Dan Solove talks about this at Concurring Opinions. According to news reports, Tiger Woods is going to insist on a confidentiality clause in their upcoming divorce contract / settlement agreement with Elin Nordegren.
The interesting question to me is: Why?
Tiger Woods has pretty much already had his reputation destroyed. Everyone in the world already knows about his eighty-five cocktail waitresses, pornstars, and other mistresses. Those who are interested can ready dirty text messages he sent by doing a quick search of The Google. What can Elin add? Or rather, what can Elin add that damages Tiger's rep? The fact that he was a lousy husband? Lousy father? That his actions were hurtful? Um, yeah, we know.
The interesting question to law professors is apparently: Will this (potential, future) agreement be contractually enforceable?
I mean, that's extremely basic contract law. If they do have this agreement and she breaches it, he can sue and get some or all of his money back. But but but, the reasoning is wrong! There are first amendment implications (because she's agreeing to restrict her speech)! (But there aren't because the state isn't depriving her of her right to free speech.) And... I don't know. What I'm mostly taking out of this is that my excessive eye rolling probably means I have zero interest in becoming a law professor. Or that I'm not interested in theoretical contract and speech problems and I'm not smart enough to do the sort of stuff our friend Brian does.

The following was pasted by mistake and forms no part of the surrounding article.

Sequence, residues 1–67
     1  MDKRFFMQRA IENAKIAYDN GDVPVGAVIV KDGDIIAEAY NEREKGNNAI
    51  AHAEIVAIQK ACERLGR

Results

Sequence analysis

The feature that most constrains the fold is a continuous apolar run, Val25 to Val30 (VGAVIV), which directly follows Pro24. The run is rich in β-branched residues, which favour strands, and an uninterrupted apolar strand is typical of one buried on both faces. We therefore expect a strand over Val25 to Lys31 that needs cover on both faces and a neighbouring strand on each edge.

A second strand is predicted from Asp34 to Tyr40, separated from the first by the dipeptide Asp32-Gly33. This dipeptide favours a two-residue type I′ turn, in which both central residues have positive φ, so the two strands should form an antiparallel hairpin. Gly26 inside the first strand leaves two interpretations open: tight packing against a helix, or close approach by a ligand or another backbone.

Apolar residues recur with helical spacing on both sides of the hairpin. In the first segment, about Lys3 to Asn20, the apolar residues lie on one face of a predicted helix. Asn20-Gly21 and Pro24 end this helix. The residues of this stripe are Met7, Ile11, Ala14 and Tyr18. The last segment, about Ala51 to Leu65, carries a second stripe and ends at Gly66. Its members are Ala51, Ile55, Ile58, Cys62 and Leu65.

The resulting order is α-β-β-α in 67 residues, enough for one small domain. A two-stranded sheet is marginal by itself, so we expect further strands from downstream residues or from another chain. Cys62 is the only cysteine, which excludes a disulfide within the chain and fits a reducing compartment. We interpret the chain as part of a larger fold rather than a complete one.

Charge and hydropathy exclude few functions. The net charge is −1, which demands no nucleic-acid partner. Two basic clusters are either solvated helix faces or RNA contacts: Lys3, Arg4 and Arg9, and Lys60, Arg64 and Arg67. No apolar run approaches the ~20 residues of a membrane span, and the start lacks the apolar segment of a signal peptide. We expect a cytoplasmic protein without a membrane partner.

In other, unrelated, news, the Flyers just won a hockey playoff series. The Onion is right -- I didn't know.
In more unrelated stuff, this seems fitting with Monday fast approaching.